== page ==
Here’s a list of meals that always go down well after a hard day’s hiking:
- Meat and vegetable stew – beef, lamb, and chicken are popular
- Mac and cheese
- Filled tacos
- Dessert – after a long day hiking, why not treat everyone to dessert?
For specific recipes (rather than ideas), please scroll down to the section titled “Recipes For Hiking Food”.
Food For 5 Day Hike
If you’re after long distance hiking food ideas, you should check out this thru-hiking food list.
- Packets of dry grains – dry grains are packed with energy and only need a little heat and water before they are ready. This could include rice, pasta, couscous and more
- Packets of meat – meats are packed with protein and make an excellent accompaniment to dry grains, tuna and salmon are easy to get hold of in this form
- Seasonings – camp food doesn’t have to be boring, even a sprinkle of garlic powder can make a whole lot of difference
- Freeze-dried meals – a lot of the freeze-dried meals made especially for hiking are actually very nutritious, and there are loads to choose from on the market – you can even get Chinese and Mexican ones
- Instant tea or coffee – just because you’re out hiking doesn’t mean you have to miss out on your favorite hot drinks
- Cheese – cheese comes packed with energy, and can easily be kept for a few days out of the refrigerator
- Instant Oatmeal – oatmeal is such an easy dish to make, and really feeling, too. What’s more, it goes great with any dried fruit, nuts, seeds, or trail mix that you want to bring
- Tortillas – tortillas are the perfect vessel for your peanut butter, cheese and meats
Recipes For Hiking Food
- Durable Camping Plate: Made of titanium, this dinnerware piece is an essential camping gear item
- Versatile Camping Accessories: Use these plates as frying pans to make your favorite meals
- Backpacking Gear: Fits into your backpack so there's no need for paper plates in your picnic basket
- Outdoor Dining Bliss: Enjoy the outdoors with our products' minimalism and elegance
- Snow Peak: Our backpacking and camping products are made using a historic manufacturing process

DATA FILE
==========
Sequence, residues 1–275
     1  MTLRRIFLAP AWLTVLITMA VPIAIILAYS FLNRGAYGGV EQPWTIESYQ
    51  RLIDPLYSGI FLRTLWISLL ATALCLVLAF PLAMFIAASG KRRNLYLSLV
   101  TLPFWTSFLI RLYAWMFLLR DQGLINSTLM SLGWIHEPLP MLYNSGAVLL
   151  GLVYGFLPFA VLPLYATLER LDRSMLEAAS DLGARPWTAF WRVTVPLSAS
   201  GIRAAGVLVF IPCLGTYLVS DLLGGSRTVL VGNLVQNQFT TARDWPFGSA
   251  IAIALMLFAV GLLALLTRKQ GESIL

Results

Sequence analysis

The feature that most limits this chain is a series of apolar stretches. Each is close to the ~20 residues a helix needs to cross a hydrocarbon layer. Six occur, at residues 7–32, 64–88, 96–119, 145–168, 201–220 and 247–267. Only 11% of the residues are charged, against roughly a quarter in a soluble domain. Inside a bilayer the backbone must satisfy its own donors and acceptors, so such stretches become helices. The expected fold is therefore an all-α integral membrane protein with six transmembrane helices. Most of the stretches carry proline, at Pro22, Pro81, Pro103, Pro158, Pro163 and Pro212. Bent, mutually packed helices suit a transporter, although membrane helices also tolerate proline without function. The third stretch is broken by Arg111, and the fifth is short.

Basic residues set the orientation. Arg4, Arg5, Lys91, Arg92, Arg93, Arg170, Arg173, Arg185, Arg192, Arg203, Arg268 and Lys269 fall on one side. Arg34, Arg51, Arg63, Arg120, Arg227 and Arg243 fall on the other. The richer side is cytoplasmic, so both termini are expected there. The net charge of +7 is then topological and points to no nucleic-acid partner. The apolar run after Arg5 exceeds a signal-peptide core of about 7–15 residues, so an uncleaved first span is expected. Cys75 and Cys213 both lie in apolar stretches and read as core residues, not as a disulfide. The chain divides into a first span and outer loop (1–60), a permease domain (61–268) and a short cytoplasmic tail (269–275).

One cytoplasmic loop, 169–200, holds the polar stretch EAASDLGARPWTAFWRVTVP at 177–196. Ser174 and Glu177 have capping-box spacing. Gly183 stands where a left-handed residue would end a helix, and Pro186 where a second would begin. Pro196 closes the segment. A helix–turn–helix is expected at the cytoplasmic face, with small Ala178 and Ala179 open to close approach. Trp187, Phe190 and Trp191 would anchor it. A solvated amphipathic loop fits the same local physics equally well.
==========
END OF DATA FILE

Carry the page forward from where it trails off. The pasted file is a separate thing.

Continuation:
Here follows the link for some of the best hiking recipes on the net:
- Tuna Couscous Bowl: This is such a simple, easy recipe. You need very little equipment and the only ingredients you need are couscous, tuna, water and seasoning.
- Backpacking Spaghetti Recipe: Who doesn’t like spaghetti and ground beef, right? Perfect comfort food after a long day hiking!
- Campfire Smoky Bean Brekkie: Get the day off to a great start with this flavorful smoky bean breakfast
- One Pot Beef Stroganoff: This creamy and filling dish can be made in just one pan, and makes 4 servings.
- Epic Summer Salad: This healthy recipe requires no cooking whatsoever, which is perfect if you don’t want to take pots and pans. And it’s really tasty to boot.
- Caprese Chicken Foil Packets: This healthy and tasty recipe was designed with backpacking in mind.
- Apple Crisp Backpacking Dessert: This lightweight treat is super quick to cook.
Hiking Food Hacks
And now for some more general hiking food tips…
- You can get yourself a plate and pan in one, like this one from Amazon.
- You can brew teas on the go in a water bottle strapped to your backpack.
- You can invest in a dehydrator and dehydrate your favorite meals to take with you.
- Eat suitable wild foods you find along the trail, but you need to know what’s safe to eat.
- Eat as you hike. You don’t have to sit down every time you feel a little peckish, simply grab a banana or some such and keep going.
- Bring some indulgences – having something to look forward to at the end of the day is all part of the fun.
- Ditch the single-serve packaging and lump foods together. The less packaging, the less weight you have to carry.
So, now you have some ideas about what foods you can take on your next hiking trip.
There are some which require no cooking at all, but if you’re stopping overnight or longer, you may wish to invest in a stove and cook one or more of the recipes linked to earlier.
Our top tip is to try and stick to the recommended 1.5 to 2.5 pounds of food per day per person. You need enough food for 3 meals per day, plus snacks as well.